Suppose I am a high-volume broker aiming to make some money on a state lottery. In this lottery, six balls are drawn from a population of (let's say) 50, without replacement. A ticket is a choice of a size-6 subset of 1,2,..50.

The prize structure of this lottery is such that the jackpot alone doesn't impart much value to the ticket. But it turns out that lesser prizes are sufficiently large relative to their probability that the ticket has a positive expected value, which is why I'm buying a lot of tickets in the first place. For instance, I can expect to get a pretty substantial return from tickets which match 4 of the 6 numbers drawn by the lottery.

There is a substantial literature related to the "Turan problem," which asks: what is the minimum number of tickets I need to purchase in order to *guarantee* that one of my tickets matches 4 of the 6 numbers in the lottery?

My question is somewhat different. Let's say I have enough capital to buy a fixed number N of tickets, large in absolute terms but small relative to 50 choose 6. Then my expected gain is fixed. But of course as a wise investor I may want to minimize the variance of my winnings.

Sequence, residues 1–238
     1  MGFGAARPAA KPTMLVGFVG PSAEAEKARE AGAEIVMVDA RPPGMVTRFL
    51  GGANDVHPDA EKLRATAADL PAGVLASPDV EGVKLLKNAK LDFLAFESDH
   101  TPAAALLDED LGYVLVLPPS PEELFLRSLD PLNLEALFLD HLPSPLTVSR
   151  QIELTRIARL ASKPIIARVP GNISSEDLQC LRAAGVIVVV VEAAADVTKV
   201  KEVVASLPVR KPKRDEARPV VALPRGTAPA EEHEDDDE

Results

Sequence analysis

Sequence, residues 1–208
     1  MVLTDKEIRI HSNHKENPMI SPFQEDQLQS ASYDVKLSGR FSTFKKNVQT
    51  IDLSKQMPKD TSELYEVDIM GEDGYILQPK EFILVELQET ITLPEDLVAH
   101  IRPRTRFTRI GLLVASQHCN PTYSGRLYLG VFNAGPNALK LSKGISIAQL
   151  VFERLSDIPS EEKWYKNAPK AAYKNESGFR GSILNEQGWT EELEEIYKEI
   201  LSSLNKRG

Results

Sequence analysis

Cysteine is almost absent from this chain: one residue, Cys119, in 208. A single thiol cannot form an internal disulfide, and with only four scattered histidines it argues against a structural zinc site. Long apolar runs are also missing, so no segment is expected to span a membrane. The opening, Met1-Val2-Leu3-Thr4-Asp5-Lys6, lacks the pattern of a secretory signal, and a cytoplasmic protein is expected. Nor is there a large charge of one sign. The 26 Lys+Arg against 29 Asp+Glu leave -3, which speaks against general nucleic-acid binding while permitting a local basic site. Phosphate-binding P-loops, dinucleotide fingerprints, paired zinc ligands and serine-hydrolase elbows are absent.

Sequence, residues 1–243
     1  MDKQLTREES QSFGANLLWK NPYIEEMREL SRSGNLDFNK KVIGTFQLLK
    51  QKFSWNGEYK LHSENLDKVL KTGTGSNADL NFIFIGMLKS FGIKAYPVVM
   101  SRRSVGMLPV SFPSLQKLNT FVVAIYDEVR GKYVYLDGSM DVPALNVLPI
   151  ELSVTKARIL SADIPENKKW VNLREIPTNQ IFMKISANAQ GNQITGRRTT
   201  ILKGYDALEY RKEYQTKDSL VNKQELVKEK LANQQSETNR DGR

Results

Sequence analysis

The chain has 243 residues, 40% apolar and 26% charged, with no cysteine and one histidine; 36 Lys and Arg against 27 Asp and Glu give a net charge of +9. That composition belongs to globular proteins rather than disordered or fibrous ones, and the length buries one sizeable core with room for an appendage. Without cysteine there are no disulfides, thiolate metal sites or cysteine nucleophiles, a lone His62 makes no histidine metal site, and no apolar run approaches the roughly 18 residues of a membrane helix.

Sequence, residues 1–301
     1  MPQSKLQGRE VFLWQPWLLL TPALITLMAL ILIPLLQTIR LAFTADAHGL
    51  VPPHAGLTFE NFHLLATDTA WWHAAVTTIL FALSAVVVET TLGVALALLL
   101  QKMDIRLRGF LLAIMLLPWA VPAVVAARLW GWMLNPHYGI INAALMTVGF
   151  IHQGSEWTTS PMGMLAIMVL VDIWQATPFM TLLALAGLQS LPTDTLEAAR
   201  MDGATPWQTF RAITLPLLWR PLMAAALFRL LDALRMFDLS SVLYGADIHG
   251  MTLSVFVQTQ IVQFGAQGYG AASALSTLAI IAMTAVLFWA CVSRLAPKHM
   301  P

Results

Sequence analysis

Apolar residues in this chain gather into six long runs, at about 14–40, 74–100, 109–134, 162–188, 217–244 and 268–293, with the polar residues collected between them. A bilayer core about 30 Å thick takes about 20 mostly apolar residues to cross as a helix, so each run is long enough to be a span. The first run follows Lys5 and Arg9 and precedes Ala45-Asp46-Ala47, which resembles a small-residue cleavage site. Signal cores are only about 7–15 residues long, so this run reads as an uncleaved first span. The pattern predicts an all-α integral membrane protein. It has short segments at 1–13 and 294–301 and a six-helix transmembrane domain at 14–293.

Thus my question.

*If the random variable X is the number of (4 out of 6) wins among my N tickets, how small can I make Var(X) by judicious choice of ticket purchases?*

(Of course, the same question applies for (k out of 6) where k=2,3,5.)

By the way, in case the setup seems unrealistic, let me add that the reason I'm asking this is that the situation described here *actually happened*, and I'm trying to reverse-engineer what the broker's risk-minimization strategy must have been, and assess whether it was worth it.